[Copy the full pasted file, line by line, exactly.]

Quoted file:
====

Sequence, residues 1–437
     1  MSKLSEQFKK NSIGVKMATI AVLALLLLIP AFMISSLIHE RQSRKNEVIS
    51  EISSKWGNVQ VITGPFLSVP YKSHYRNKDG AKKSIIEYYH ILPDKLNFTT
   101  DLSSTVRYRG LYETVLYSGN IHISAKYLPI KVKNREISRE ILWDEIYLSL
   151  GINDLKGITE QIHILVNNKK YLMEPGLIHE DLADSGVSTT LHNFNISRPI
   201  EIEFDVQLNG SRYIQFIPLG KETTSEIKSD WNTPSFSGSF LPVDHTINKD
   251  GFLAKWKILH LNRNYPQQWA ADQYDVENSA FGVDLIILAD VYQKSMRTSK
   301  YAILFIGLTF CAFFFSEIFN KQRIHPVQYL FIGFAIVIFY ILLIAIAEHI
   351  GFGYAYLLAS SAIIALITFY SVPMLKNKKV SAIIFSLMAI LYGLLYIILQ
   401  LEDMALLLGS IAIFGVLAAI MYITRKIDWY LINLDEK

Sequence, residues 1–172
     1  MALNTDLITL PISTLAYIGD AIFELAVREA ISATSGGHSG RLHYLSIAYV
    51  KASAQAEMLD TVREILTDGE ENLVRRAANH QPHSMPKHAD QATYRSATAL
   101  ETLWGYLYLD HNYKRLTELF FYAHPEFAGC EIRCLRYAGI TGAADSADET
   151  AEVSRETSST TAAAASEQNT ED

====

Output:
Sequence, residues 1–437
     1  MSKLSEQFKK NSIGVKMATI AVLALLLLIP AFMISSLIHE RQSRKNEVIS
    51  EISSKWGNVQ VITGPFLSVP YKSHYRNKDG AKKSIIEYYH ILPDKLNFTT
   101  DLSSTVRYRG LYETVLYSGN IHISAKYLPI KVKNREISRE ILWDEIYLSL
   151  GINDLKGITE QIHILVNNKK YLMEPGLIHE DLADSGVSTT LHNFNISRPI
   201  EIEFDVQLNG SRYIQFIPLG KETTSEIKSD WNTPSFSGSF LPVDHTINKD
   251  GFLAKWKILH LNRNYPQQWA ADQYDVENSA FGVDLIILAD VYQKSMRTSK
   301  YAILFIGLTF CAFFFSEIFN KQRIHPVQYL FIGFAIVIFY ILLIAIAEHI
   351  GFGYAYLLAS SAIIALITFY SVPMLKNKKV SAIIFSLMAI LYGLLYIILQ
   401  LEDMALLLGS IAIFGVLAAI MYITRKIDWY LINLDEK

Sequence, residues 1–172
     1  MALNTDLITL PISTLAYIGD AIFELAVREA ISATSGGHSG RLHYLSIAYV
    51  KASAQAEMLD TVREILTDGE ENLVRRAANH QPHSMPKHAD QATYRSATAL
   101  ETLWGYLYLD HNYKRLTELF FYAHPEFAGC EIRCLRYAGI TGAADSADET
   151  AEVSRETSST TAAAASEQNT ED